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Nutrition and physical exercise intervention could help palliative cancer patients reduce nausea and vomiting


Palliative treatment looks at relieving symptoms such as pain and sickness and improving patients’ quality of life. It is commonly used for patients with advanced cancer who can’t be cured through existing treatments and only expected to live longer and comfortably.

Nutrition and physical exerciseNutrition is a paramount part of cancer treatment, and cancer patients required additional nutritional care, and healthy and nutritional diets can help them improve energy to recover diseases.

Exercise is also beneficial for cancer patients. There is the strongest evidence that exercise is better at improving physical function, attenuating cancer-related fatigue, alleviating psychological distress and improving quality of life. The Clinical Oncology Society of Australia holds that exercise should be established as part of standard practice and an adjunct therapy in cancer care.

Recently, researchers from Switzerland investigated the effects of combined nutrition and physical exercise intervention in palliative cancer patients.

The study findings showed that combined nutrition and physical exercise regimen helped patients reduce nausea and vomiting to improve their general well-being.

The participants, including 18 women and 40 men, are diagnosed with metastatic or locally advanced tumors of gastrointestinal and lung tracts in the study. They are randomly assigned to receive usual care or a combined nutrition and exercise regimen care.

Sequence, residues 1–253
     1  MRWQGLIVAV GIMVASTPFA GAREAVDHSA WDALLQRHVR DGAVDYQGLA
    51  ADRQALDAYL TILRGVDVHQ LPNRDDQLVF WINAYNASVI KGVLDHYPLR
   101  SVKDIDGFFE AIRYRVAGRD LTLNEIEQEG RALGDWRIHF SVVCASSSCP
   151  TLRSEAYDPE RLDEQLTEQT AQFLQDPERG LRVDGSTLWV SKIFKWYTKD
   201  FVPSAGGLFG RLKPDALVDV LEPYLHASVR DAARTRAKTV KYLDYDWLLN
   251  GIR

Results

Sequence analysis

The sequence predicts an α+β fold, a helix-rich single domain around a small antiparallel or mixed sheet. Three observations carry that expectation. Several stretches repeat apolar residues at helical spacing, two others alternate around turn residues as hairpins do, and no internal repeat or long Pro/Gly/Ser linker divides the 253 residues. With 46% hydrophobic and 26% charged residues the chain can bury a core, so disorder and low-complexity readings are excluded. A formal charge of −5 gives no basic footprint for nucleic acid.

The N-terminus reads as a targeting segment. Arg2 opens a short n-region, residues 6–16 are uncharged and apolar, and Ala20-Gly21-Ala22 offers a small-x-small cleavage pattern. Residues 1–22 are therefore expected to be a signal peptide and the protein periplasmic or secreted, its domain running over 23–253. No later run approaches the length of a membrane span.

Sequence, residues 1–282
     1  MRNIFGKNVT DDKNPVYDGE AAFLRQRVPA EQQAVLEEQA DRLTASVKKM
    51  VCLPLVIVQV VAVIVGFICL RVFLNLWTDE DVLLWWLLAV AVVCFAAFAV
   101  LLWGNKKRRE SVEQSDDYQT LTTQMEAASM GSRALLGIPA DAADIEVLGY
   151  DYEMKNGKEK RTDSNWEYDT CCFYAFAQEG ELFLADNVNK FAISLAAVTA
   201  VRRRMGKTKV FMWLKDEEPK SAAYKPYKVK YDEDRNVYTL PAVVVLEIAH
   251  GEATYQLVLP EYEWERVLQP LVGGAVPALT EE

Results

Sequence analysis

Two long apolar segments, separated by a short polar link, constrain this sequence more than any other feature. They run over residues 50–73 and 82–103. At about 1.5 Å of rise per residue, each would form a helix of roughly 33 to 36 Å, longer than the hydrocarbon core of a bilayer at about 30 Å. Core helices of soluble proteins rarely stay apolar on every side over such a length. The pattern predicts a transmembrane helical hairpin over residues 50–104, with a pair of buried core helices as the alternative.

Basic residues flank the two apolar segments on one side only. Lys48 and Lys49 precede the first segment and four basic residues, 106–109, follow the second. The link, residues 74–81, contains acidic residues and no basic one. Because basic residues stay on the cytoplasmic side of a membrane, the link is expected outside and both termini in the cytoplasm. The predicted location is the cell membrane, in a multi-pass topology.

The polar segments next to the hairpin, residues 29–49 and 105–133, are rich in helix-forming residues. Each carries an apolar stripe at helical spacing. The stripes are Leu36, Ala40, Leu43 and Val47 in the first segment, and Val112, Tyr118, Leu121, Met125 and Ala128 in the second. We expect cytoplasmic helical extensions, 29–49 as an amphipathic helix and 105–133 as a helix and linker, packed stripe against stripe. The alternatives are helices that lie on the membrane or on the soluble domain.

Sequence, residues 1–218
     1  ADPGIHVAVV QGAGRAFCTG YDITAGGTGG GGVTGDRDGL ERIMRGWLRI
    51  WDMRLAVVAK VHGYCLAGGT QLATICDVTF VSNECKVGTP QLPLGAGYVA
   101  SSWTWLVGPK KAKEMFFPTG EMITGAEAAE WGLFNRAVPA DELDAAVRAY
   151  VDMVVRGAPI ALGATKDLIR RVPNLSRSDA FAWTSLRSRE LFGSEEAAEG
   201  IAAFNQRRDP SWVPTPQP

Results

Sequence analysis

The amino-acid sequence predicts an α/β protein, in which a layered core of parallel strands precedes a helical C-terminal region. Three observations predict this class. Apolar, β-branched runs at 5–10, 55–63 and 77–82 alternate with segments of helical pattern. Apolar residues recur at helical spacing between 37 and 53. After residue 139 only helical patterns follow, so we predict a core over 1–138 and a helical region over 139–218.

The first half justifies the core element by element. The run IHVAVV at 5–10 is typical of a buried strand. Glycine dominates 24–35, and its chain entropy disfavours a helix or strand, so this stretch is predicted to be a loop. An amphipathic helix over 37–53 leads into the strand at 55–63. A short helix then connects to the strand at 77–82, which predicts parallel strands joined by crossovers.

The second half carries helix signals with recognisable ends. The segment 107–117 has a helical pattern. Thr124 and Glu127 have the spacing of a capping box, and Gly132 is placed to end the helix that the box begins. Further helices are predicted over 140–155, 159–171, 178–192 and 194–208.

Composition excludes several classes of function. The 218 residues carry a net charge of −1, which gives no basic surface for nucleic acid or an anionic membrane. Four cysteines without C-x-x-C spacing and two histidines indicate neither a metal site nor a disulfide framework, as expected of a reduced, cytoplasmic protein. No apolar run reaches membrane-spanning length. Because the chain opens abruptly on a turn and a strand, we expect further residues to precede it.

Especially, the treatment group was required to receive three standardized individual nutritional counseling sessions and take part in a 60-minute exercise twice a week for three months.

Researchers tested participants’ quality of life, physical performance, nutritional status, dietary intake, and clinical data. They found that patients who received a combined nutrition and exercise program saw relief in nausea and vomiting, and protein intake.

However, the study showed no difference in the patients’ overall quality of life.

Though the intervention showed no statistically significant results, researchers speculated that this may be caused by the small number of patients and the heterogeneity of the study population.

Researchers believed that the failure of the study doesn’t mean that nutritional support and exercise is ineffective in cancer patients, and they would improve the study design with available sources in the future trial.


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